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10th State Offers 'Dreamers' College Financial Aid

FILE - Daisy Leon, 26, right, of Perth Amboy, N.J., and a recipient of the Deferred Action for Childhood Arrivals program, attends a rally at the White House in Washington, Aug. 15, 2017, along with others in favor of DACA and immigration reform.

The state of New Jersey has awarded $1.63 million in financial aid for higher education to more than 500 undocumented students, new government data showed Wednesday.

New Jersey's Higher Education Student Assistance Authority (HESAA) reported that 513 students received the aid to cover university and college expenses starting with the 2018 fall semester.

"This financial assistance offers these New Jersey students a life-changing opportunity," David J. Socolow, HESAA's executive director, said in a statement.

"The successes of these first 513 students, who are now attending county colleges, state colleges and universities, and independent institutions around the state, will have a positive impact on countless additional lives."

To be eligible for the financial assistance, students must have attended a New Jersey high school for at least three years and graduated from one, or received the equivalent of a high school diploma in the state. They must also file an affidavit stating that they have filed or will file an application to legalize their immigration status.

Male applicants are also required to register for selective service.

FILE - New Jersey Gov. Phil Murphy speaks in Oceanport, N.J., June 14, 2018.
FILE - New Jersey Gov. Phil Murphy speaks in Oceanport, N.J., June 14, 2018.

New Jersey Gov. Phil Murphy signed the controversial measure into law last May, making New Jersey the 10th state to provide state aid to undocumented college hopefuls. The students are recipients of the Deferred Action for Childhood Arrivals (DACA) program implemented in 2012 by then-President Barack Obama. DACA allows immigrants who were brought to the U.S. as children without proper immigration papers to stay in the country legally and work or attend school.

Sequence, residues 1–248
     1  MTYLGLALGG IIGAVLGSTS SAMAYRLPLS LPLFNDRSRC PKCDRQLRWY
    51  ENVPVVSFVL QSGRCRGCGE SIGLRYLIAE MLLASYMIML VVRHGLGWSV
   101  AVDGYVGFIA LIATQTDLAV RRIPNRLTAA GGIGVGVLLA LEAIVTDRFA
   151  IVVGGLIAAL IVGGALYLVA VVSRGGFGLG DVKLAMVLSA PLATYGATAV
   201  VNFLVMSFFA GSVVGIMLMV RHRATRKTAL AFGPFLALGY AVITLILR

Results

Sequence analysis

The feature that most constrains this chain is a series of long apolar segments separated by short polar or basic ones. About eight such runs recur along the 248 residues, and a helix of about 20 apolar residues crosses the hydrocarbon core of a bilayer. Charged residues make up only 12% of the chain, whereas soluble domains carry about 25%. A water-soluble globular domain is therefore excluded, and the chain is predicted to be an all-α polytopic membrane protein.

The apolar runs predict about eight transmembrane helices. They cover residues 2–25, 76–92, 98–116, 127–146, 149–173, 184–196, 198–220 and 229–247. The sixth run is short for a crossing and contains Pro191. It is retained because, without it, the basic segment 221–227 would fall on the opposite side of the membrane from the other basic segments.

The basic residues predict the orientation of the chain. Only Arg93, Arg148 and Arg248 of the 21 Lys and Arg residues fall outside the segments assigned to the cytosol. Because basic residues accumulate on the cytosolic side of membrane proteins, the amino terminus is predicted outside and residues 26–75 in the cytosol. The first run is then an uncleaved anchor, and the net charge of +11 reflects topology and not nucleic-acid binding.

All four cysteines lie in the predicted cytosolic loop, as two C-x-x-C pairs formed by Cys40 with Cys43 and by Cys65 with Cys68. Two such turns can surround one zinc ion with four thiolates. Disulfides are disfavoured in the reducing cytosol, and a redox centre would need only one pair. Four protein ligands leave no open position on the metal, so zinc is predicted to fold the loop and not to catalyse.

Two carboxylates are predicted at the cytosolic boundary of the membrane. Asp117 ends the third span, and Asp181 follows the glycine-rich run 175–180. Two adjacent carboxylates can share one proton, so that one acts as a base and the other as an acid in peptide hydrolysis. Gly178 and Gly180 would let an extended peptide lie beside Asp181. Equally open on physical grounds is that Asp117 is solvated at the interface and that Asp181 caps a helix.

Though DACA recipients are protected from deportation and can enroll in U.S. colleges and universities, they are not eligible for federal financial assistance. States, however, can issue financial aid.

Opponents of the law have argued that state funds should go to U.S. citizens struggling to fund their college educations.

Some 1,500 New Jersey "Dreamers" applied for education assistance last summer, and 655 were approved for state aid. Of those, 513 students enrolled in New Jersey colleges and received their grants, according to data released by HESAA.

Students seeking financial assistance are required to apply through the Free Application for Federal Student Aid (FAFSA). New Jersey Dreamers file a separate application that does not require a Social Security number, but proof of income.

Some of the applications were rejected because students made too much money to qualify for Tuition Aid Grants — the program that accounts for the overwhelming majority of the financial aid.